County of Stolberg
|Historical era||Middle Ages|
• Inherited Wernigerode
• Division into Harz and
The County of Stolberg (German : Grafschaft Stolberg) was a county of the Holy Roman Empire located in the Harz mountain range in present-day Saxony-Anhalt, Germany. It was ruled by a branch of the House of Stolberg.
The town of Stolberg was probably founded in the 12th century as a mining settlement. The Counts of Stolberg (Grafen zu Stolberg) probably derived from a branch of the counts of Hohnstein castle near Nordhausen in Thuringia. The castle of Stolberg was first mentioned in 1210 as Stalberg, then the seat of one count Henry originally from nearby Voigtstedt. It remained a property of the comital family until its expropriation in 1945.
The Stolberg lands, which were located mostly east of the Harz, included Stolberg, Hayn, the lower County of Hohnstein (1417), as well as Kelbra and Heringen (1413/17), the two latter territories being ruled alongside the House of Schwarzburg.
The Counts of Stolberg could significantly enlarge their territory when they inherited the County of Wernigerode in 1429, the County of Königstein in 1535, and the County of Rochefort in 1544. The Protestant Reformation was introduced into their territory in 1539. On 19 March 1548 the line was split between a Harz line (Stolberg-Stolberg) and a Rhenish line with the possessions in Rochefort (Stolberg-Rochefort) and Königstein im Taunus (Stolberg-Königstein).
Wernigerode is a town in the district of Harz, Saxony-Anhalt, Germany. Until 2007, it was the capital of the district of Wernigerode. Its population was 35,041 in 2012.
The County of Stolberg-Wernigerode was a county of the Holy Roman Empire located in the Harz region around Wernigerode, now part of Saxony-Anhalt, Germany. It was ruled by a branch of the House of Stolberg.
The County of Stolberg-Rossla was a county of the Holy Roman Empire. Its capital was Rossla, now in Saxony-Anhalt, Germany. It was owned and ruled by a branch of the House of Stolberg from 1341 until 1803.
Stolberg-Stolberg was a county of the Holy Roman Empire located in the southern Harz region. Its capital was the town of Stolberg, now in Saxony-Anhalt, Germany. It was ruled by a branch of the House of Stolberg.
Ilfeld is a village and a former municipality in the district of Nordhausen, in Thuringia, Germany. It is situated at the south foot of the Harz, at the entrance to the Bährethal, 8 miles (13 km) north from Nordhausen by the railway to Wernigerode. Since 1 January 2012, it has been part of the municipality of Harztor.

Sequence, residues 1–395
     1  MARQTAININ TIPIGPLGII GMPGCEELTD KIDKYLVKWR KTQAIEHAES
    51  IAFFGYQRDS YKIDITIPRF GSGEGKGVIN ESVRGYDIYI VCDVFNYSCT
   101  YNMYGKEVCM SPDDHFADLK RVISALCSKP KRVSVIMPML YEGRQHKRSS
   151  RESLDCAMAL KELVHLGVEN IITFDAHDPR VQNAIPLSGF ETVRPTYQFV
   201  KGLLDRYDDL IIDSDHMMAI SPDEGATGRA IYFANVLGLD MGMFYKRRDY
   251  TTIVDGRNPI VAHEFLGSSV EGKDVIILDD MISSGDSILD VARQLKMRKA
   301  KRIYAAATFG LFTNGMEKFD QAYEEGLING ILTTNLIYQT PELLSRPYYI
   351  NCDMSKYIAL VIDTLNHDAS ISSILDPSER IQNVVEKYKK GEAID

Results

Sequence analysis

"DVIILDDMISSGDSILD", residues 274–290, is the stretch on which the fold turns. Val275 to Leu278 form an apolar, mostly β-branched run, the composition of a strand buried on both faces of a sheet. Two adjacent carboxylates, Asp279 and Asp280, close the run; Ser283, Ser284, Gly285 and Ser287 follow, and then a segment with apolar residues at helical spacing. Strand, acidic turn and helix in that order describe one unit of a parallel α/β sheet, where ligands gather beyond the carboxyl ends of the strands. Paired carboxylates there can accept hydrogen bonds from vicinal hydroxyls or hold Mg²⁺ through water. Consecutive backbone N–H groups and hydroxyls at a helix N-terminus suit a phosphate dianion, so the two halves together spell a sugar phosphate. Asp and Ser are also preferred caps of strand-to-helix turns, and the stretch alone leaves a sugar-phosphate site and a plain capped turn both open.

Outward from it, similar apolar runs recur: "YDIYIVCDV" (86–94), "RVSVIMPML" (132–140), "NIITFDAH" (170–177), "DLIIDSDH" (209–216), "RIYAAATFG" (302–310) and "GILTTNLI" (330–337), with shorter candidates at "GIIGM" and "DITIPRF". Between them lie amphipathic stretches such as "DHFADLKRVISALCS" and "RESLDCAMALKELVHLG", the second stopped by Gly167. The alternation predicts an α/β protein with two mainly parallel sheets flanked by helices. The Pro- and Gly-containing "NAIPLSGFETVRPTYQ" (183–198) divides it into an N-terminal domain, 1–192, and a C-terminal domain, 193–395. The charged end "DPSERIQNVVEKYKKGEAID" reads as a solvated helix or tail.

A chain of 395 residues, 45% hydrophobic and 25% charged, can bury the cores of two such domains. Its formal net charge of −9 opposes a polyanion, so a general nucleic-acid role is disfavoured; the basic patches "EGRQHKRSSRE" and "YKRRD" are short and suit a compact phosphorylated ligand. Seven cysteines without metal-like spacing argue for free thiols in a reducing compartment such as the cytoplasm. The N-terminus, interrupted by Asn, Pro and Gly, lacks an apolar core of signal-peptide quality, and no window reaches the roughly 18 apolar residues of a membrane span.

Stolberg may refer to:
The County of Blankenburg was a state of the Holy Roman Empire. Its capital was Blankenburg, it was located in and near the Harz mountains.
The County of Wernigerode was a state of the Holy Roman Empire which arose in the Harzgau region of the former Duchy of Saxony, at the northern foot of the Harz mountain range. The comital residence was at Wernigerode, now part of Saxony-Anhalt, Germany. The county was ruled by a branch of the House of Stolberg from 1429 until its mediatization to the Kingdom of Prussia in 1806. Nevertheless, the county remained in existence - with one short interruption - until the dissolution of the Kingdom of Prussia in 1918.
Wernigerode Castle is a schloss located in the Harz mountains above the town of Wernigerode in Saxony-Anhalt, Germany. The present-day building, finished in the late 19th century, is similar in style to Schloss Neuschwanstein, though its foundations are much older. It is open to the public and one of the most frequently visited in Saxony-Anhalt.
Anhalt Castle is a ruined medieval fortification near the town of Harzgerode in Saxony-Anhalt, Germany.
Hohnstein Castle is one of the largest and best-preserved castle ruins in Germany and is located near Neustadt in the vicinity of Nordhausen in Thuringia.
The Erichsburg, formerly Erichsberg, is a ruined medieval castle near the village of Friedrichsbrunn in the Harz Mountains in central Germany. It is located within the boundaries of Gernrode, a part of Quedlinburg.
Heinrichsberg Castle is a ruin north of Mägdesprung in the borough of Harzgerode in central Germany. It is not far from the B 185 federal road in the district of Harz in the state of Saxony-Anhalt.
Hohnstein Castle is a medieval castle in the village of the same name, Hohnstein in Saxon Switzerland in the Free State of Sachsen in East Germany.
Christian Ernest, Count of Stolberg-Wernigerode, was a German politician and a member of the House of Stolberg. From 1710 to 1771 he governed County of Wernigerode in the Harz mountains, which in 1714 became a dependency of Brandenburg-Prussia.
The princes and counts of Stolberg are members of a large German dynasty of the former Holy Roman Empire's higher aristocracy. They played a significant role in feudal Germany's history and, as a mediatized dynasty, enjoyed princely privileges until the collapse of the German Empire in 1918. The house has numerous branches.
Ernest, Count of Stolberg-Ilsenburg was a German nobleman. He was an imperial count and the ruling Count of Königstein, Rochefort, Wernigerode and Hohnstein, as well as Lord of Eppstein, Münzenberg, Breuberg, Agimont, Lohra and Klettenberg
Old Falkenstein Castle in the Harz Mountains of Germany is the castle site or burgstall of a high medieval hill castle. It lies on the territory of Falkenstein/Harz in the state of Saxony-Anhalt in the district of Harz. It was built in the 11th century A.D. and destroyed in 1115.
Mansfeld Land is a region in the southwestern corner of the German state of Saxony-Anhalt. The region derives its name from the counts of Mansfeld, who ruled this region for about 1,000 years.
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